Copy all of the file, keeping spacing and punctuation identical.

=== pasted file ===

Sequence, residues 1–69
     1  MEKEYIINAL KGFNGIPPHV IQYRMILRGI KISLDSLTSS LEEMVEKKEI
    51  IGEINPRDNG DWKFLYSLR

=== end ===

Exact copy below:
Sequence, residues 1–69
     1  MEKEYIINAL KGFNGIPPHV IQYRMILRGI KISLDSLTSS LEEMVEKKEI
    51  IGEINPRDNG DWKFLYSLR